Physics Department Seminar University of Alaska Fairbanks

J O U R N A L    C L U B


Europa’s atmospheric neutral loss

Vincent Dols
University of Colorado/Laboratory for Atmospheric and Space Physics



Europa, the smallest of the Galilean moons of Jupiter was thought to be a passive rocky moon as late as the mid fifties. Voyager flybys in the late 70’s revealed a flat fractured surface almost free of craters, which hints at a dynamic thermal history. Galileo flybys in the 90’s provided strong evidences of a liquid salty ocean under the icy crust, which could be favorable to the emergence and evolution of life independent from life on Earth. The JUICE and EUROPA missions at Europa are planed for the 2020’s to search for this ocean. Europa has an O2 atmosphere, hundred of billion times more tenuous than that of Earth’s. It is produced by the bombardment of the icy surface by ions and electrons from the magnetosphere of Jupiter but its characteristics are still very poorly understood. The modeling of the interaction of this atmosphere with the jovian plasma provides a way to constrain this neutral atmosphere, its column density and extension as well as its plasma sputtering origin. I will review briefly the plasma-atmosphere interaction at Europa and present the results of a physical chemistry model of this interaction recently published. The main claim of this paper is that the interaction at Europa results in the ejection of neutrals from the atmosphere at a rate ~ 10 times larger than the ionization rate. The main neutral loss process is the symmetrical charge exchange of O2, which has received little attention so far by the Europa community. This large neutral loss could be consistent with the indirect detection of large neutral clouds spreading along the orbit of Europa. The detection of these ejected neutrals is relevant for the future missions at Europa.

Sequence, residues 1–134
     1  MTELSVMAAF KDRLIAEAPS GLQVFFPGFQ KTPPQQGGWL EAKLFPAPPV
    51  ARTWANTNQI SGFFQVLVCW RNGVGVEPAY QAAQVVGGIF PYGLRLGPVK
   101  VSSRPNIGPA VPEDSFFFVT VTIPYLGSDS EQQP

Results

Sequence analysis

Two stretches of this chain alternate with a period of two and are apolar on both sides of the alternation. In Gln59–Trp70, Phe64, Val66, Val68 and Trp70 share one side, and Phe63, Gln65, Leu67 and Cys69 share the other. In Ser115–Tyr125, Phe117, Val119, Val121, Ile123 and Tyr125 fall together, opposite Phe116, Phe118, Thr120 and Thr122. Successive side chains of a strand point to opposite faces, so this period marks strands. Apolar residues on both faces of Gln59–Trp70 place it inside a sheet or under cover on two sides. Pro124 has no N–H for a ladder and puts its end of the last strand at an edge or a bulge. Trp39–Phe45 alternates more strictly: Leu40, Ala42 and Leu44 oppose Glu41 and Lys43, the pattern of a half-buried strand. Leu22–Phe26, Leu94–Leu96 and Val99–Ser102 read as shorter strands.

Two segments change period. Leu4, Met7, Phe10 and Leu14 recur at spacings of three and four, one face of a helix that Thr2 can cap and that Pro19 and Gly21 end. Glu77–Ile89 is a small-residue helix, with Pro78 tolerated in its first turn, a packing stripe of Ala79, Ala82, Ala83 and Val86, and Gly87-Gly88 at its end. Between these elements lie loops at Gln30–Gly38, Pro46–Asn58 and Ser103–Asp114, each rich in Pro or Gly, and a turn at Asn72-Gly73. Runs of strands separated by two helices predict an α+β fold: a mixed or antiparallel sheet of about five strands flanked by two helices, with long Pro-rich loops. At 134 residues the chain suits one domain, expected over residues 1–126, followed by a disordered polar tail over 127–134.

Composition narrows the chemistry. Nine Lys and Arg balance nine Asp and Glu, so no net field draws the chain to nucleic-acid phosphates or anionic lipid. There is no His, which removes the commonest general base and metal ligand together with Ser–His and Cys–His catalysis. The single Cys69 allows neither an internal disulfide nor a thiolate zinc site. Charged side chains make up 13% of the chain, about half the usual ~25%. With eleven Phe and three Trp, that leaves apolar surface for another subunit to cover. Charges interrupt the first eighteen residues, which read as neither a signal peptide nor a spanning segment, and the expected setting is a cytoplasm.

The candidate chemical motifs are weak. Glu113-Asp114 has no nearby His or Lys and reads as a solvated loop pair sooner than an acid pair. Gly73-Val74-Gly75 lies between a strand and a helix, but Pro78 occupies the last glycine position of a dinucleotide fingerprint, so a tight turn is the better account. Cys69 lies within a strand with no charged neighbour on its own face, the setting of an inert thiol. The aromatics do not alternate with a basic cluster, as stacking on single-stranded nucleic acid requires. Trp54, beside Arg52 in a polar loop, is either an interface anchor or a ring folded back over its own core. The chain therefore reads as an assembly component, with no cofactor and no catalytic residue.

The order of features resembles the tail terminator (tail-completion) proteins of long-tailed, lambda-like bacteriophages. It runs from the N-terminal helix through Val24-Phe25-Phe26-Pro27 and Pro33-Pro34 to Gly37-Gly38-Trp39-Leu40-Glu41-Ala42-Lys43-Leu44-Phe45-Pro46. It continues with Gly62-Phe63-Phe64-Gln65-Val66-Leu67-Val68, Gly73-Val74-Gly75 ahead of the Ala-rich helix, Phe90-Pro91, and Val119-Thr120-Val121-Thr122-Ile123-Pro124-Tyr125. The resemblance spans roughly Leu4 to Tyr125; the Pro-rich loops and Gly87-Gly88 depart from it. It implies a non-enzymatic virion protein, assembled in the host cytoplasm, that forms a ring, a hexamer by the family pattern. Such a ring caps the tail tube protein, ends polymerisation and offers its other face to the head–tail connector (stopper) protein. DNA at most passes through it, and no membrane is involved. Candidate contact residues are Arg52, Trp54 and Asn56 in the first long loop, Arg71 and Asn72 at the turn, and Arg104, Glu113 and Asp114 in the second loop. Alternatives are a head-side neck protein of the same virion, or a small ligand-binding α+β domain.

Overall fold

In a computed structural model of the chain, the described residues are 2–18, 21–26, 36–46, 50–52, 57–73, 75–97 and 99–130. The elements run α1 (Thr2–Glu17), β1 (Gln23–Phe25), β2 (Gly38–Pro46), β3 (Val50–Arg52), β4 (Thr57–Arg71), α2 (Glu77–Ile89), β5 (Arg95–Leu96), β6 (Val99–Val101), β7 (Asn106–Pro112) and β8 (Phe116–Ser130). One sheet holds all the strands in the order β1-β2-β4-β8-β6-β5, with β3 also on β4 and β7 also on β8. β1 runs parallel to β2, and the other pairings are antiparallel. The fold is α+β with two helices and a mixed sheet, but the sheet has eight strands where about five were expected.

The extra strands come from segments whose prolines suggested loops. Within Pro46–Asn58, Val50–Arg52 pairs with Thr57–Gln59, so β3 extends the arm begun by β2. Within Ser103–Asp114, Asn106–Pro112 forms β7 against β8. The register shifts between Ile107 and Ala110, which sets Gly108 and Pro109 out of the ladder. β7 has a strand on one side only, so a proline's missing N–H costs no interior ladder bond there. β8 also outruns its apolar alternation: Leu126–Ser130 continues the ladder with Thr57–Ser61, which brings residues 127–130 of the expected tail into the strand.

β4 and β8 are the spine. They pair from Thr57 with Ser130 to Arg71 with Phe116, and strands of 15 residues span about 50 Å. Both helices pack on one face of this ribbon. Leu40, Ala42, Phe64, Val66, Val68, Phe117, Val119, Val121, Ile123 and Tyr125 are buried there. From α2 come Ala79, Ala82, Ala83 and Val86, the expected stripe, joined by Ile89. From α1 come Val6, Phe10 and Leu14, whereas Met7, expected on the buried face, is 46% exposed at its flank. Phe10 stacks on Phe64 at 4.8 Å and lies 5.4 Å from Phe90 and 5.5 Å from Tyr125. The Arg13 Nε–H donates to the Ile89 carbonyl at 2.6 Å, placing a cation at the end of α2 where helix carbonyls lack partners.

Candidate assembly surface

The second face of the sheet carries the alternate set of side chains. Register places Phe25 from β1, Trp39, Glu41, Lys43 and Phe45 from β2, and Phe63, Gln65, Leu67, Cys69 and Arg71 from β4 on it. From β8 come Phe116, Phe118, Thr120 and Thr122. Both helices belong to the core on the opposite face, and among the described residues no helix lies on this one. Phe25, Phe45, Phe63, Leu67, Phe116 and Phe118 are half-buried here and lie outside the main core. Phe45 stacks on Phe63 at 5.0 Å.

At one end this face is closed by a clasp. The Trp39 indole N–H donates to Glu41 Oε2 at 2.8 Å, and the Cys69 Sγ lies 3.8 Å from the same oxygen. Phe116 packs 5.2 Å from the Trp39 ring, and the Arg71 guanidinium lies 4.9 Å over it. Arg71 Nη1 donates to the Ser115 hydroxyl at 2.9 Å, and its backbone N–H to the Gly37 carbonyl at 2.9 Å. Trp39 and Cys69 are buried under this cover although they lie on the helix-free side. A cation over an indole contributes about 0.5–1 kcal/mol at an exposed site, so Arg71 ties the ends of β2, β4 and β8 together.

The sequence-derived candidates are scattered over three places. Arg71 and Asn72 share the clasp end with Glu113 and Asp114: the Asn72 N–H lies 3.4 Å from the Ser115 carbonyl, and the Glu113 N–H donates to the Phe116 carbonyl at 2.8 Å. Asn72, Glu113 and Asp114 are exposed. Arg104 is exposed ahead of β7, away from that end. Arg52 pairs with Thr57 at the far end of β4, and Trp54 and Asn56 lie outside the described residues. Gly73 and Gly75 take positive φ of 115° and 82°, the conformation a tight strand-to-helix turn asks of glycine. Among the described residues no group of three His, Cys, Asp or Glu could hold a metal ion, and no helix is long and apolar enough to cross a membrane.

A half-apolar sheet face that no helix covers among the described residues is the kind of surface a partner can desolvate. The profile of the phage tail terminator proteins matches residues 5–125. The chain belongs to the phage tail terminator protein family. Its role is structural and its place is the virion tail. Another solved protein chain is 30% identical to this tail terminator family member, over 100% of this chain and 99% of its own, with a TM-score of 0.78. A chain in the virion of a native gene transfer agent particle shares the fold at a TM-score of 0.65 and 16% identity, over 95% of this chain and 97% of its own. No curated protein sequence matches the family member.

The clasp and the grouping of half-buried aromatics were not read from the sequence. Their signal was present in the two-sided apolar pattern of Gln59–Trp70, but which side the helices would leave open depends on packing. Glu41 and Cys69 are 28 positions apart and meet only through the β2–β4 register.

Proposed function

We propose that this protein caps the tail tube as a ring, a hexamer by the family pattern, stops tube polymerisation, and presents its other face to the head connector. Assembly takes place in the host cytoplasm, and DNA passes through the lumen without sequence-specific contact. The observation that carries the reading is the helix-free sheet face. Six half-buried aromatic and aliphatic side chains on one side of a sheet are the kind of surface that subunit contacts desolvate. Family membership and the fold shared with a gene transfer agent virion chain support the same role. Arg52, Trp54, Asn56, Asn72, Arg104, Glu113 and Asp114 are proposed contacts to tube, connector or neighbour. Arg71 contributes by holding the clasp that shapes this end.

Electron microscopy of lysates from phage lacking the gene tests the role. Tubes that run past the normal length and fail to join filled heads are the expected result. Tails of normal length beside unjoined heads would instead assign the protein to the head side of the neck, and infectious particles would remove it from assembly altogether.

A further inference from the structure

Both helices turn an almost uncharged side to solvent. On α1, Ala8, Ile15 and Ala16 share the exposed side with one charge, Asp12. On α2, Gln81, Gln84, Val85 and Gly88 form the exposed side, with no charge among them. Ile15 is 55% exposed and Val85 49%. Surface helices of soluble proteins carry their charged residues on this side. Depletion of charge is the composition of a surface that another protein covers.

Friday, 1 April 2016

Globe Room, Elvey Building

3:45 PM